BOWLING GREEN —
“They bought him,” Butler said.
Some parts of Minor’s story are simply unreasonable to believe, according to Butler. Minor said Eaton was not kicked by Stinnett, but rather hit with a baton by Bennett. But everyone else, including Stinnett, has testified that Eaton was kicked, Butler said.
In an attempt to prove willfulness, Minor has testified that Eaton told Minor and Bennett it was their turn after Eaton himself had struck Stinnett multiple times. However, in the same testimony Minor said he yelled to Bennett that Stinnett had Hepatitis C and Bennett didn’t hear him because it was too loud in that alley, Butler reminded the jury.
The jury instructions tell jurors not to convict a defendant based on the unsupported testimony of an accomplice, Butler said, and Minor’s testimony is not corroborated by the evidence.
“You just can’t rely on Adam Minor for anything,” Butler said.
The charge against Guffey of lying to the FBI about whether he saw blood at the arrest scene and whether he told the FBI about it just demonstrates the vindictiveness of the government’s case, Butler said. The jury has only two FBI agents to rely on whether Guffey made that statement, and both those agents have made mistakes in other areas of the case. Further, the statement was completely immaterial because there was never any dispute that blood was at the scene, Butler said.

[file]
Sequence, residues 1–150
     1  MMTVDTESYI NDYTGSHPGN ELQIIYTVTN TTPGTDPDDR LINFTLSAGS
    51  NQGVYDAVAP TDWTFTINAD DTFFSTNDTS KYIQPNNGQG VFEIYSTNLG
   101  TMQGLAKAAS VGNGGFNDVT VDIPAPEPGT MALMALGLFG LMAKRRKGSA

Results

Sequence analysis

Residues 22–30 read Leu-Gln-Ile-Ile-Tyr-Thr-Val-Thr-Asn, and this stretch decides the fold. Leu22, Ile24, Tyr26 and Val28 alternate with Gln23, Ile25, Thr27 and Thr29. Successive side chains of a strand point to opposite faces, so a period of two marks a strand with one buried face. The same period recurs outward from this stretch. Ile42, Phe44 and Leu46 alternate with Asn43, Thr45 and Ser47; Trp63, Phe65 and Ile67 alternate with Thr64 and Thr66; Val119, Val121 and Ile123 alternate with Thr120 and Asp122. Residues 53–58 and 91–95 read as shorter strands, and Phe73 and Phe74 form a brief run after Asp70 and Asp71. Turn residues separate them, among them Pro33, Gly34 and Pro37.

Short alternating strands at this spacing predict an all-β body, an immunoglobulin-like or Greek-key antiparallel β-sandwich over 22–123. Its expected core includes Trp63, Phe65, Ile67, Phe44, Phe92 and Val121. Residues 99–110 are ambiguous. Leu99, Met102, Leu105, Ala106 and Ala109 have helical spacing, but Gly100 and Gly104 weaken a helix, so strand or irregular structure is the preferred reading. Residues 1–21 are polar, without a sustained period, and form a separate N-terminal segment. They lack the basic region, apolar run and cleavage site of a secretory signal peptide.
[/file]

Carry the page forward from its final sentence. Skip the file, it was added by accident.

Proof beyond a reasonable doubt is “proof which is so convincing you would not hesitate to rely on it when you are making the most important decisions in your life,” Butler read from the jury instructions. The evidence in this case does not support that an assault occurred, and it does not support that Guffey would have been present to witness an assault, Butler said.